APC, in partnership with Point of View and the Internet Democracy Project, is conducting a workshop in Delhi, India, from 25 – 28 February 2013. More than 20 sexual and internet rights organisations are discussing ways to resist content regulation and increasing their knowledge of online security and privacy.
This breakthrough study carried out in Brazil, India, Lebanon, South Africa & USA looks at how the internet plays host to critical information about sex education, health, fighting sex discrimination and defining one’s own sexuality. It debunks the commonly-held view that sexuality online is just about pornography.
Controlling what users can and can’t see on computers using filtering software is standard in US libraries. APC questions the Denver Public Library on their filtering policy and practices in a fictional exchange that tackles very real questions of freedom of information.
APC’s two-year research into sexuality and the internet reveals that contrary to popular opinion sexuality online is about much more than porn. As the EroTICs research is about to publish its complete findings next month, experts Clarissa Smith, Katharine Sarikakis and Pramada Menon critique.
The EroTICs research team in Brazil studied the complex relationship between sexual minorities and internet policy. Their findings show that these groups were routinely ignored in debates surrounding internet regulation.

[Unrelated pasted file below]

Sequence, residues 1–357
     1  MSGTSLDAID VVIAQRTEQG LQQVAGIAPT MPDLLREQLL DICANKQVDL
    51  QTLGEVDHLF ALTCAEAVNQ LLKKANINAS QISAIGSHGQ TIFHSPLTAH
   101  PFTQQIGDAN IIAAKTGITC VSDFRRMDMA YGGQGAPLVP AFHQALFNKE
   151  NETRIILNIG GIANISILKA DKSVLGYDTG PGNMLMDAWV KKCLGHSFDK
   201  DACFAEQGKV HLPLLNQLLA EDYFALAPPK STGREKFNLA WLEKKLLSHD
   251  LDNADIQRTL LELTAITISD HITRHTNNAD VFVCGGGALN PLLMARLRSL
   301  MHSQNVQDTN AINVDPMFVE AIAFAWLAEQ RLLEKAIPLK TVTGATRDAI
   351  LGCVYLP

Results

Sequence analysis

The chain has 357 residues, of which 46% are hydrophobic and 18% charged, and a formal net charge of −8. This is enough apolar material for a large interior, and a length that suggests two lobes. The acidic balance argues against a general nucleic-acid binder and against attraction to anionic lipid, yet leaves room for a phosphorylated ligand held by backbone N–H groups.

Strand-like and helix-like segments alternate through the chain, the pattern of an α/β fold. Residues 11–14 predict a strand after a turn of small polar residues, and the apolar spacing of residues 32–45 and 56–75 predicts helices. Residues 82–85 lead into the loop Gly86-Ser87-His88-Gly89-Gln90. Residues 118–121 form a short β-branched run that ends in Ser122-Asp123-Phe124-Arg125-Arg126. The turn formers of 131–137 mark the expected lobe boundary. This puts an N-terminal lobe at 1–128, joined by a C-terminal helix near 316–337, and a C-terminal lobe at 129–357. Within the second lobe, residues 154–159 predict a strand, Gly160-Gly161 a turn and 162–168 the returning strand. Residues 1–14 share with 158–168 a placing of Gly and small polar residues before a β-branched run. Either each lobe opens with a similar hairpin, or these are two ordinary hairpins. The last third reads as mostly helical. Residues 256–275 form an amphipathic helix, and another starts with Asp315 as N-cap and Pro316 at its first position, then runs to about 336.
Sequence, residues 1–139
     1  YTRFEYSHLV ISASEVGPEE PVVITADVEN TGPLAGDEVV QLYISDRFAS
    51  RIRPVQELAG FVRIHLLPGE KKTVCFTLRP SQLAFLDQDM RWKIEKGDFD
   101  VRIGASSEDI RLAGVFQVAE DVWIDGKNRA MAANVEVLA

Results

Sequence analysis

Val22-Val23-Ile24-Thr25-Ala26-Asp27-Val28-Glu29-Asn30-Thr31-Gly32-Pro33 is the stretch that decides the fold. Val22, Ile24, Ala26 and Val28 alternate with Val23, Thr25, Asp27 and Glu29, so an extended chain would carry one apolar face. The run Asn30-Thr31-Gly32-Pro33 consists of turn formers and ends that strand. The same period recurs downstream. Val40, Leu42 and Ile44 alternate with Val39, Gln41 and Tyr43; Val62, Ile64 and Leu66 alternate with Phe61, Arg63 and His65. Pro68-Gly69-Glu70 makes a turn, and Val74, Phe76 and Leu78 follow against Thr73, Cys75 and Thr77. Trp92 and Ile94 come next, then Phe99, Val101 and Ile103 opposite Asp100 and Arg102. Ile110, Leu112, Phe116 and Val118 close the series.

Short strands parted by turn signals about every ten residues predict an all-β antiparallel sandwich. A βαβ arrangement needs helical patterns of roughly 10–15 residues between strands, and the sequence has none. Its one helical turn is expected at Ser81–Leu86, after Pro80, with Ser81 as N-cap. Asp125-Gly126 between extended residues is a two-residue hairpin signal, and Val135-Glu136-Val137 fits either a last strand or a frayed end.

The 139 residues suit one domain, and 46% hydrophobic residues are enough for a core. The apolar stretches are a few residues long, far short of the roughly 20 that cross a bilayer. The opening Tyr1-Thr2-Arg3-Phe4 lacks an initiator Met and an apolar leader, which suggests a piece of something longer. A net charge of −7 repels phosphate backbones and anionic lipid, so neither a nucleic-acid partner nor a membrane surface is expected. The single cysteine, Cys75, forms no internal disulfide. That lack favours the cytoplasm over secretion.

For years sexual rights activists in repressive societies have been using the internet as a means to communicate, organise and express their sexuality without fear of persecution. Thanks to EroTICs, this vibrant ecosystem of human connections is being studied for the first time.
Controlling — or filtering — what people can and can’t see online related to sex however well intentioned can have a profoundly negative impact. Censorship affects not only sexual expression but blocks access to sexual education and important movement-building tools for LGBTI activists.
“It was an eye-opener,” says privacy advocate Gus Hosein when he talks about the findings from APC’s exploratory research on sexuality and the internet in Brazil, India, Lebanon, South Africa, and USA. And it’s given him some good ammunition with which to field those annoying radio callers who question the need for privacy online.
In March 2011, the Indian government blocked Savita Bhabhi, an immensely popular soft-core web comic, sparking popular outcry.